Joy then, seems to be an element in living after the Resurrection—a joy that was palpable, sensing Jesus’ presence in a new way and trying to allow their actions to radiate that joy.  For us too, my friends, because we have never known Jesus’ actual physical; we must look for him, “in a new way,” in each other.

Joan Chittister names Easter as a mystery of light and darkness—she says that we must go into the tomb, into the dark and decide if we will follow Jesus’ disciples back into the world of the living and here-in lies the light. The only way to respond to death is with light—the light of goodness—inclusivity—justice and mercy.

This past week, we remembered that day, 50 years ago when a prophet of our times, Dr. Martin Luther King, Jr. was taken from us. He is quoted as saying, among other things that “Darkness cannot put out darkness, only light can do that!”

There is much in our world today that seems to be about darkness—from the halls of power in Washington, we see a great lack of moral sense, a lack of general leadership and guidance in deference to selfishness and a lack of true caring for our people beyond what they can do for those in power.  The light and joy that Easter can bring was never more needed than now.

After February’s mass school shooting in Florida, a new surge of moral leadership and fortitude has arisen in our nation’s young people—a light that came out of darkness—a light that we all must uplift and not let die.

I began reading an older volume this week, entitled, Women’s Bodies, Women’s Wisdom by gynecologist, Dr. Christiane Northrup.  Even though it has a 1998 copyright, the truth she speaks about women and their wisdom and how it has been discounted over time in the patriarchal society in which we still live, to the point of making women physically, emotionally and spiritually sick is something that must be continually addressed until this darkness becomes light.

Another reflection on Easter that I read this past week uplifted the fact that those who witnessed the Resurrection seem to be doing “a lot of running.” So marvelous a thing was witnessed, by Mary of Magdala, by John, the apostle, by the disciples on the way to Emmaus, that the Scriptures tell us that “they ran” to tell the others!

A question we may want to ponder this week is, how excited are we at hearing the Good News that Jesus has risen, and does it inspire us to actions of light, or are we more like Thomas, in need of proof?—“I need to see this or that and then I will believe and act on my beliefs.  The Church gives us 5 weeks to ponder and reflect on our response.

As Joan Chittister also said this week, Easter is not a fairytale with a happy ending, once and for all—Easter is just the beginning!  Our choices are darkness or light—may we choose to be bearers of the light!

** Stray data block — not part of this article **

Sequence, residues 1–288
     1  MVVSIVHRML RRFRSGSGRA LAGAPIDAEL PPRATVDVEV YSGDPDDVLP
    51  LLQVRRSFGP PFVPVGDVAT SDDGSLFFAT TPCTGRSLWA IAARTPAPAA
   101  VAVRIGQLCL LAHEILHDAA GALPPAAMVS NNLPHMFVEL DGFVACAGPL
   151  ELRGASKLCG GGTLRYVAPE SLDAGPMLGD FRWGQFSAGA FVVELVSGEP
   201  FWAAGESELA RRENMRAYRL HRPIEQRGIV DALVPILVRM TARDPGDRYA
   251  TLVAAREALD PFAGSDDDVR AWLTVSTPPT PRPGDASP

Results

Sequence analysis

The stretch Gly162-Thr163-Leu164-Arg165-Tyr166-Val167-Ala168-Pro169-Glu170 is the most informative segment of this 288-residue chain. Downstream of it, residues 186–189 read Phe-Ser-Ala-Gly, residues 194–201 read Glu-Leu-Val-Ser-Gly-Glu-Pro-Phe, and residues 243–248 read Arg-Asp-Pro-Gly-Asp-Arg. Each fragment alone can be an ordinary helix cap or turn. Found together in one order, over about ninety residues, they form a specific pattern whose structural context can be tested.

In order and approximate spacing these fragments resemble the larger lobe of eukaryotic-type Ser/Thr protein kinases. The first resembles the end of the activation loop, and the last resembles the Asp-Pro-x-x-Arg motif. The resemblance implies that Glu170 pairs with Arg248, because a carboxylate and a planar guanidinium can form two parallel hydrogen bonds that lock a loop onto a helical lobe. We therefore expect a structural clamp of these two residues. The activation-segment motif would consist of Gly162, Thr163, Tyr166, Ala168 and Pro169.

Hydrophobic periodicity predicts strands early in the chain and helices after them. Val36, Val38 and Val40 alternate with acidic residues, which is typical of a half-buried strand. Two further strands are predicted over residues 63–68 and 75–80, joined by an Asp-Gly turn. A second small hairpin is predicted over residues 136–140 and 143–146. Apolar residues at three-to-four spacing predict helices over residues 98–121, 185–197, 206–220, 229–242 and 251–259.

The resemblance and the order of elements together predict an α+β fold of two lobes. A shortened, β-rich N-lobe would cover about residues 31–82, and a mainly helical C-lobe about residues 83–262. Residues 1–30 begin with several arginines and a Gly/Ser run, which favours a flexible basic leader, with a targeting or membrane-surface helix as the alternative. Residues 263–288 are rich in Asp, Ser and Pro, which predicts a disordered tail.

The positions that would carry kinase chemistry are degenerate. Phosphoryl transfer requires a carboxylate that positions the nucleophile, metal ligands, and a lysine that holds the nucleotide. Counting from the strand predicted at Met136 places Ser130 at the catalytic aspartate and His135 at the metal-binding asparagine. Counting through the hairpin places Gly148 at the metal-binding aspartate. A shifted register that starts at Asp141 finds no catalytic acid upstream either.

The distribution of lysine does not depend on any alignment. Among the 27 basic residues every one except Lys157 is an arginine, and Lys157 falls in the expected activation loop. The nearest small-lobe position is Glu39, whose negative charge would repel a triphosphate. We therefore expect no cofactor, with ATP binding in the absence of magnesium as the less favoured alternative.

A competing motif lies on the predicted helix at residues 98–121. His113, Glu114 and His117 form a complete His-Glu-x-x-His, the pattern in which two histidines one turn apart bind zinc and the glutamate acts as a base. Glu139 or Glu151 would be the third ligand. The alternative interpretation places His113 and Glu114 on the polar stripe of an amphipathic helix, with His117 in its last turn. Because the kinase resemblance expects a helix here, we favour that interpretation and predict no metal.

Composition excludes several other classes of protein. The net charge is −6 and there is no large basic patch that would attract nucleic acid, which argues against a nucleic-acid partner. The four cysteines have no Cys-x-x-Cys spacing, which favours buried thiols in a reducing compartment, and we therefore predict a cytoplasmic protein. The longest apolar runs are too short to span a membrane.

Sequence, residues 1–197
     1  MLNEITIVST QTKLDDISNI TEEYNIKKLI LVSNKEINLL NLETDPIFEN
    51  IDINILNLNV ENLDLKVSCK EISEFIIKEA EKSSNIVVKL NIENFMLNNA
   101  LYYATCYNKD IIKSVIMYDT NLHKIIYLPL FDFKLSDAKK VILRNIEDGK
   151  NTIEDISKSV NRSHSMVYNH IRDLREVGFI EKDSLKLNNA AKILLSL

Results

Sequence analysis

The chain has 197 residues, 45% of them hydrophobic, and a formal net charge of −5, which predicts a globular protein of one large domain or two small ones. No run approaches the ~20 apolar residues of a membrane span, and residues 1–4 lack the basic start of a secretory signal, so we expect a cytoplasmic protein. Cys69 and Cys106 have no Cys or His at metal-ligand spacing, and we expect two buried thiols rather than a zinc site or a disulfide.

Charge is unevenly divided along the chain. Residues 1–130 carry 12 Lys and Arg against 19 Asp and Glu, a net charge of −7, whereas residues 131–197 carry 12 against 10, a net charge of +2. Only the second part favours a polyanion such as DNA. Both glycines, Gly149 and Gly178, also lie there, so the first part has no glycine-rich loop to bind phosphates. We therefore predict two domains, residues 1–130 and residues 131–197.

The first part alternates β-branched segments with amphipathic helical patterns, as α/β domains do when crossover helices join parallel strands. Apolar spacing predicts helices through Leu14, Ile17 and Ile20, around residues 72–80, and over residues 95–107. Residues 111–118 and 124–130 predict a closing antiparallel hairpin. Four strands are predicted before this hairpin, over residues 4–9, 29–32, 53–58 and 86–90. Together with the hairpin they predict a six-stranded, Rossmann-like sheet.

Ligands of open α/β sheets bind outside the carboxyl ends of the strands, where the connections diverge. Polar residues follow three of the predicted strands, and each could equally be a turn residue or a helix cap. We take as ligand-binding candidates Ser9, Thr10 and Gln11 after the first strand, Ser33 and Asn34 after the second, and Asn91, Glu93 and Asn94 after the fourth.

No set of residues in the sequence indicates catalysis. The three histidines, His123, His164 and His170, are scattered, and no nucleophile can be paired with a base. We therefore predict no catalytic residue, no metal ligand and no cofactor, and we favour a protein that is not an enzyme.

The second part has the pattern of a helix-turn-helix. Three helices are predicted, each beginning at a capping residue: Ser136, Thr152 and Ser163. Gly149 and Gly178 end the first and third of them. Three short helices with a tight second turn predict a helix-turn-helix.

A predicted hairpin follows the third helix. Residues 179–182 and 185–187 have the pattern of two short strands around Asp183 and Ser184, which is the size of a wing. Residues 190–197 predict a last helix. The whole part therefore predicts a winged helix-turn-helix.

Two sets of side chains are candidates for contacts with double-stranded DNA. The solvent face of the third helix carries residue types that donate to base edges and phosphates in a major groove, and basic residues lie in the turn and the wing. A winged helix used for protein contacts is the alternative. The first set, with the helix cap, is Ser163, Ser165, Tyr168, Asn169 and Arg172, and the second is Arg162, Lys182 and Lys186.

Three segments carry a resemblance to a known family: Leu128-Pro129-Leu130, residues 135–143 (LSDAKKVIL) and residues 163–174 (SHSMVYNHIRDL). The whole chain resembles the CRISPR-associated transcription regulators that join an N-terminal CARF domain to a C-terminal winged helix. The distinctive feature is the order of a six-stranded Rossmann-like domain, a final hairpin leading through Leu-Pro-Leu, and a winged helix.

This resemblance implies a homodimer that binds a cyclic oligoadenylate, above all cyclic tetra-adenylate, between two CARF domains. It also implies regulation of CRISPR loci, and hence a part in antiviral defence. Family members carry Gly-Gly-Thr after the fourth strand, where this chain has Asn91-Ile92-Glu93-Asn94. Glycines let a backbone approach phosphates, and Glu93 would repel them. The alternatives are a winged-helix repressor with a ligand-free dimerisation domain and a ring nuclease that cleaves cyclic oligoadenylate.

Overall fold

Amen?— Amen!— Alleluia!

Homily – Easter Sunday

Friends, as I prepared for today, again the leadership of the students of Stoneman Douglas High School was on my heart and mind and I pondered how to make sense of all that in the events that we have remembered here and in our Church Universal during Holy Week and today on Easter Sunday.  As I have said earlier, on Good Friday, Good Friday and Easter Sunday are really about “dying and rising” –they are of a piece.  Dying only makes sense in the context of rising. We see it in Jesus’ life—if there had only been the dying and nothing more, we would have been truly let down.  He said, he would be with us always and proved it in the resurrection.

Our country has been inspired anew in the leadership of the Stoneman Douglas High School survivors, become leaders—out of death, which has been a magnificent “rising.”  I believe it is significant that the victims at Stoneman Douglas were taken on February 14th, the national day of love, also, Ash Wednesday this year and that we would be celebrating Jesus’ overcoming death, in all its forms on Easter Sunday, which this year falls on April 1st, April Fool’s Day—in all of this, we might ask, who was actually fooled? Since the February 14th shootings, we have marveled at the “rising out of death,” as it were that we have seen from the Parkland, Florida students and from students and others around the world.

When we think about Jesus’ resurrection, we realize it to be a mystery that we can’t get our heads around—again, this is something to lay on our hearts.  We are told in the Gospel account from John today that Jesus in his risen form was not automatically recognizable—he didn’t look the same—Mary of Magdala knew him only when he spoke her name in the way that only Jesus could say it.  In another Easter reading, the disciples on the way to Emmaus who found themselves walking with Jesus didn’t know him until, “he broke bread with them,” something we are told, he did with his followers often—they knew him after the resurrection, through his actions.